If one listens to some of the songs currently popular on Christian radio stations, it is easy to get a wrong picture of religion. It seems that religion has become something to “go beyond” or that is a weight to drag a person down. Religion, it seems, has become a word that seems to mean mere rote obedience with no consideration for faith and no redeeming value in itself. How different that is from the original meaning of the word, and the picture painted in the Bible.
Religion, in English, comes from the Latin for “to tie again.” The idea is that religion is that which binds us to God. In the Greek, however, it comes from a root word meaning to tremble. The idea is that religion is an expression of fear or awe toward God.
Expression of that awe for God has taken many forms. Perhaps the most common expression in the Bible was falling on one’s face. Now, that may simply mean bowing prostrate in God’s presence, but just maybe it can be taken literally. Religion to people like Moses, Abraham, Balaam, Ezekiel, Joshua, Daniel, and even Jesus, may have consisted of literally falling hard, face-down, in the presence of God. It seems that the actual presence of God (or the angel of God, which in the Old Testament may have been God himself) is sufficient to make a mere human lose all muscle tone.
What does that say about us? When we come before God in prayer, do we literally fall in fear? For most of us the answer is no. Nor is it necessarily wrong if we do not do so. It would make praying while driving a bit dangerous. If our religion does not include such an awe of our creator and savior, then maybe we don’t need to “go beyond” religion, but rather go up to religion. If having a proper respect for God is a weight around your ankle, then don’t pretend to be religious. God may drag you down to your knees or further, but that is a good thing, not something to be avoided.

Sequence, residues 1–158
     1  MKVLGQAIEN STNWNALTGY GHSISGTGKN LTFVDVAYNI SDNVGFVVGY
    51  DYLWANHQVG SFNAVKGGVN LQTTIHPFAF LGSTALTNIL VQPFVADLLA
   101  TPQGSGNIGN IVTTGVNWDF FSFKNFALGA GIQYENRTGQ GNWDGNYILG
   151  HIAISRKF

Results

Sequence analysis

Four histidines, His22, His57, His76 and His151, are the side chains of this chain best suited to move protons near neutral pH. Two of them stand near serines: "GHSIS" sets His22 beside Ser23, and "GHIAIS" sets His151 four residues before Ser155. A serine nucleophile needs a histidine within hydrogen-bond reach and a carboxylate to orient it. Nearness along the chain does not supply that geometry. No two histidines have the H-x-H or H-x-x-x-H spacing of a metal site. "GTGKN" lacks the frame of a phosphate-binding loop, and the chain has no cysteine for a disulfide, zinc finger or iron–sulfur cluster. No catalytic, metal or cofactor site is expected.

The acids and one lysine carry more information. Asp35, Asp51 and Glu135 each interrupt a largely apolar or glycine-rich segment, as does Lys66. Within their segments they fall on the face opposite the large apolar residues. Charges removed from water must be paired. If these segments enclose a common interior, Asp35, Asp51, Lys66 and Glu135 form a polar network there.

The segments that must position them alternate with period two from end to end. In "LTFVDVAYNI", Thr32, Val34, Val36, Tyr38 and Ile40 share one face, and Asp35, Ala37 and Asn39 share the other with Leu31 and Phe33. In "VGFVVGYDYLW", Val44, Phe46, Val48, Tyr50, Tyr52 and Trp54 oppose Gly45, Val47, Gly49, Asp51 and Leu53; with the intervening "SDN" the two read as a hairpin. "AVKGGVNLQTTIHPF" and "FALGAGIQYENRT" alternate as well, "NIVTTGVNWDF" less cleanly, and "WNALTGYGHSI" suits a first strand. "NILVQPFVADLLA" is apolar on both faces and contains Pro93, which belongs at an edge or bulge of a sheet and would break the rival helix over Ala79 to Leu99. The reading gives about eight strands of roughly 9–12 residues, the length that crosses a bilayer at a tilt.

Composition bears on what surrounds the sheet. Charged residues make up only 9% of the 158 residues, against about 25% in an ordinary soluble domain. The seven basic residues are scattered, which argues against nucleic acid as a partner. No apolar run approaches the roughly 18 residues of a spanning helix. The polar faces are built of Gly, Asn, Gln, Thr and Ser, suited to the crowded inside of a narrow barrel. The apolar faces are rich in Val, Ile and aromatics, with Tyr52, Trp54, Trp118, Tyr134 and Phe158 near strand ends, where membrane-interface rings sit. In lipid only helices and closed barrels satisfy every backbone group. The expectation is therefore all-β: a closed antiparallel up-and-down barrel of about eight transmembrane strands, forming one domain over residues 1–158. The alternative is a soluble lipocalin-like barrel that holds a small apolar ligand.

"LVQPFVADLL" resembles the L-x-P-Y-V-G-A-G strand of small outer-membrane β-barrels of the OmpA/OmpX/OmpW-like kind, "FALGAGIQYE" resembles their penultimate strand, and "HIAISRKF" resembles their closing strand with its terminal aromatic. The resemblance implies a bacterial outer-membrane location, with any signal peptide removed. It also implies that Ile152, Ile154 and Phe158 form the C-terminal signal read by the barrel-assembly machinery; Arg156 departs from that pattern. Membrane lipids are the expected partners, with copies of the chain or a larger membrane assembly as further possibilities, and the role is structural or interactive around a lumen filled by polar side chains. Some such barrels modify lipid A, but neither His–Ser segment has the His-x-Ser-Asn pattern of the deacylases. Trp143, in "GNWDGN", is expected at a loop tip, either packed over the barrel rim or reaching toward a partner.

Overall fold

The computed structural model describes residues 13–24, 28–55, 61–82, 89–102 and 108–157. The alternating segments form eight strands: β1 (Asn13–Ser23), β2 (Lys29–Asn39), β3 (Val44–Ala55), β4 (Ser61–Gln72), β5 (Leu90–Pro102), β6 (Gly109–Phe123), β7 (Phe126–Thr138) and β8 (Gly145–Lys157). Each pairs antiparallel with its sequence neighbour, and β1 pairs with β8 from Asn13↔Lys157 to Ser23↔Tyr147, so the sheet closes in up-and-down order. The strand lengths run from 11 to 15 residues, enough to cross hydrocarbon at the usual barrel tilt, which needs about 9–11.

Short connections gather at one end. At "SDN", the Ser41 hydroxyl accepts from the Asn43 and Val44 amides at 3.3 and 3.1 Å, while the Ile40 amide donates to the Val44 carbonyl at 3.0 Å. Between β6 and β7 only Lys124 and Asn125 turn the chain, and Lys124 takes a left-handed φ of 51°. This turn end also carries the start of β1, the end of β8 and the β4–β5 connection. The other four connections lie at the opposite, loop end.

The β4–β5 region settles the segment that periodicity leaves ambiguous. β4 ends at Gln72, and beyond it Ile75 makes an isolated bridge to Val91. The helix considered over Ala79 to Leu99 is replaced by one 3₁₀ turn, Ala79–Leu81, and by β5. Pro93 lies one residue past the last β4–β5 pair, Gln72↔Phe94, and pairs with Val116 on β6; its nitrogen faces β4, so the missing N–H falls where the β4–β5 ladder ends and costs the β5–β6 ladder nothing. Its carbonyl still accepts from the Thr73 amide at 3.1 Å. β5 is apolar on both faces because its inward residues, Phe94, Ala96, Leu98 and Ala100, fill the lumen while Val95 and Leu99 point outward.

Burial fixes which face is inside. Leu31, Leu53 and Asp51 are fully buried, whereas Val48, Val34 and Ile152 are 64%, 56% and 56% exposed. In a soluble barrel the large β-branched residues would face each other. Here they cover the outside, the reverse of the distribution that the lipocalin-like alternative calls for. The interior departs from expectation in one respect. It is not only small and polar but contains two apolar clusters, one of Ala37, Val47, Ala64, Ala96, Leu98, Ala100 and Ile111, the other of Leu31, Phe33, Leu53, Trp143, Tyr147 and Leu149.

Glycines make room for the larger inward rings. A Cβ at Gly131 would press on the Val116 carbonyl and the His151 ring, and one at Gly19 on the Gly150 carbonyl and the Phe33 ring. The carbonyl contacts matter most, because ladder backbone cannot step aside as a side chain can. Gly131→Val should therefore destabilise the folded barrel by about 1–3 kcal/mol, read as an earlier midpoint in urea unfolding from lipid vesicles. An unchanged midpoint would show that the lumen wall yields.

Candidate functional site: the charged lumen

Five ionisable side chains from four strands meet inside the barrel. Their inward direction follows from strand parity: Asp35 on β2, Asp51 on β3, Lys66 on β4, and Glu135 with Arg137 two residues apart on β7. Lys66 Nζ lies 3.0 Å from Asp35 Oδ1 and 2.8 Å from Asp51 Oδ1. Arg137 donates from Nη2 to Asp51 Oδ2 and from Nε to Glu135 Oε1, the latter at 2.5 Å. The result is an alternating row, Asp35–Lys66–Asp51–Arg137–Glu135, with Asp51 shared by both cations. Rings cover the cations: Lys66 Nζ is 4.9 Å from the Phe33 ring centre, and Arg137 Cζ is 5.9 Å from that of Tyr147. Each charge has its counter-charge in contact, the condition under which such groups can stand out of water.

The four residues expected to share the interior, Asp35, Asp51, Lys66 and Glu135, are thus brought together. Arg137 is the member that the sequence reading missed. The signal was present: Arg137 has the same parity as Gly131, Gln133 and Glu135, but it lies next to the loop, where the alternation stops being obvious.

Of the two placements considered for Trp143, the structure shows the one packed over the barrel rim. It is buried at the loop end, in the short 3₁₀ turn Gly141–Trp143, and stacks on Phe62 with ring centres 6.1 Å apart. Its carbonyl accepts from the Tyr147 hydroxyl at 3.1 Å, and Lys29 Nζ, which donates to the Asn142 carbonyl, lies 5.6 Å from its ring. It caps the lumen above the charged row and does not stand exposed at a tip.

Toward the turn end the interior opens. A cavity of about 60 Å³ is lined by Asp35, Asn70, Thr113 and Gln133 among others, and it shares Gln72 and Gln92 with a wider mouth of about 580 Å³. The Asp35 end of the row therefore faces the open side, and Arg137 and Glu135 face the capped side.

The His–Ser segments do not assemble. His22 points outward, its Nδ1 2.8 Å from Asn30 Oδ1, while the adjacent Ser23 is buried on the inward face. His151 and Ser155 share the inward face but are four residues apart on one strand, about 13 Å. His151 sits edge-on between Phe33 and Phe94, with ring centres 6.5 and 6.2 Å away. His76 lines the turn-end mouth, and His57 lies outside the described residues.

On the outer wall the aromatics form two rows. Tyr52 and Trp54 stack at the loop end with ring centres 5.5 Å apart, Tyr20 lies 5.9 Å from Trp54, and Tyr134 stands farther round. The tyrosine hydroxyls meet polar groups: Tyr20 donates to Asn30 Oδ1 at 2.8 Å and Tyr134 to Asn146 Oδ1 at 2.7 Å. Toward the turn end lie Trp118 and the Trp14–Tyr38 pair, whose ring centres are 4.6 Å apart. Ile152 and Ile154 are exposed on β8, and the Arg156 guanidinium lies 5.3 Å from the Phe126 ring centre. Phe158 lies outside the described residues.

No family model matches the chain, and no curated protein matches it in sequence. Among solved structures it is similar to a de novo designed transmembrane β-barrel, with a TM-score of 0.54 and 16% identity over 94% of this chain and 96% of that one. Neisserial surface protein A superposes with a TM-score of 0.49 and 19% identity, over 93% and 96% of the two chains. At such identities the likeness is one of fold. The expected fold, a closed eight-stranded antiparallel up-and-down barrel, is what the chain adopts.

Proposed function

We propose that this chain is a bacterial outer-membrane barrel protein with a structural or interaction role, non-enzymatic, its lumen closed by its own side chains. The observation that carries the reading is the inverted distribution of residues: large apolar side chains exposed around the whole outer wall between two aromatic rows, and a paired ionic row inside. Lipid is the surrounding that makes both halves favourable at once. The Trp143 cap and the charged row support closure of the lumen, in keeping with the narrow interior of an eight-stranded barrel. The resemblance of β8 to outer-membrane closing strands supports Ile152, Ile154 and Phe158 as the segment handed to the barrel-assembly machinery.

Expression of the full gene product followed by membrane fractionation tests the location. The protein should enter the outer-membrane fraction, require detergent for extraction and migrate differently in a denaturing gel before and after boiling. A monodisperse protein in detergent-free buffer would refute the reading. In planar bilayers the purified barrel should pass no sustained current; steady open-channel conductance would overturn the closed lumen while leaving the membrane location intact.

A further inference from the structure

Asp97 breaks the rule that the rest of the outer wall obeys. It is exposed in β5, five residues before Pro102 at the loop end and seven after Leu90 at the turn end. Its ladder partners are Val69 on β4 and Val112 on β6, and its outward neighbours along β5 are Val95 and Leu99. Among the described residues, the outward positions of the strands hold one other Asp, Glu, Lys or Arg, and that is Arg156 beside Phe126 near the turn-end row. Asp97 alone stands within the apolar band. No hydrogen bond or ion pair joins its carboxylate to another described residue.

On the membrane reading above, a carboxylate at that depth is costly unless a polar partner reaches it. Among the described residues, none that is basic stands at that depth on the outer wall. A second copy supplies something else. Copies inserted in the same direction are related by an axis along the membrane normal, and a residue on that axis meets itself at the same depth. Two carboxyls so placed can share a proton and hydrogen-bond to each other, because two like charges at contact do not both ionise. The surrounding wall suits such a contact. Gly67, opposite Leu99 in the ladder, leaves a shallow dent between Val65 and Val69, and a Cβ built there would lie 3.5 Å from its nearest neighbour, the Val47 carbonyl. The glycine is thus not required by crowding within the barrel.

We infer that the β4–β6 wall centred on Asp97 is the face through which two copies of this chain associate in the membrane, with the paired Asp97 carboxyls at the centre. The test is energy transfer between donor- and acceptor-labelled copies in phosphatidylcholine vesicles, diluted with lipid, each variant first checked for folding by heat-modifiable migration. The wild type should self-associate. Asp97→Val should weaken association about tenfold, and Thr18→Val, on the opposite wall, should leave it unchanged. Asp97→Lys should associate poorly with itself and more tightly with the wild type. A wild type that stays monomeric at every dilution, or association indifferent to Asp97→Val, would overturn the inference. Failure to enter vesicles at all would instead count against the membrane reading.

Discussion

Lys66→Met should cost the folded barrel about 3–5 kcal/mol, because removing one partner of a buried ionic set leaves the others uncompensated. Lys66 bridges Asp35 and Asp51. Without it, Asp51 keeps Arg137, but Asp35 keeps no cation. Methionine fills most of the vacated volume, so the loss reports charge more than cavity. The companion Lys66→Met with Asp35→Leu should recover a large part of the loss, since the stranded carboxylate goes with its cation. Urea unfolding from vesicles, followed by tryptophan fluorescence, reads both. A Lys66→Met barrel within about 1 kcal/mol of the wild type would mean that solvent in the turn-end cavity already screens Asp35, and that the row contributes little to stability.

James tells his readers that there is another expression of religion. “Pure religion and undefiled before God and the Father is this, To visit the fatherless and widows in their affliction, and to keep himself unspotted from the world.” (James 1:27) It might be theoretically possible that one could go beyond the first part of this verse. Rather than visiting the homeless, a person might also give to those who have their own visible means of support. It is difficult to achieve the latter phrase, much less to “go beyond” keeping oneself unspotted.
When one singer says that all religion has been to him is a weight around his feet, one should wonder what he means. Is helping those in need a burden? Is following Christ a weight? There are solutions. One would be to quit playing at religion entirely. If following God is a burden, why put up with it? The other choice would be to learn to want to do the will of God. Sometimes people expect the feeling to come first, and the actions will follow. That is, if I love God then I will help the widows and orphans. In reality, though, many people need to learn from Stanislavsky. His famous “method” of acting says, in a very simplified form, if you do the action you will get the feeling. For the purpose of this discussion, this means that if one practices religion, one will develop the motivation. If we help others because God says to, then that will, in itself, cause us to love God. If we do our best to avoid sin, then we will learn to love the sinless one. If one practices pure religion, after a while it is no longer a burden but a blessing. It’s pretty hard to go beyond that.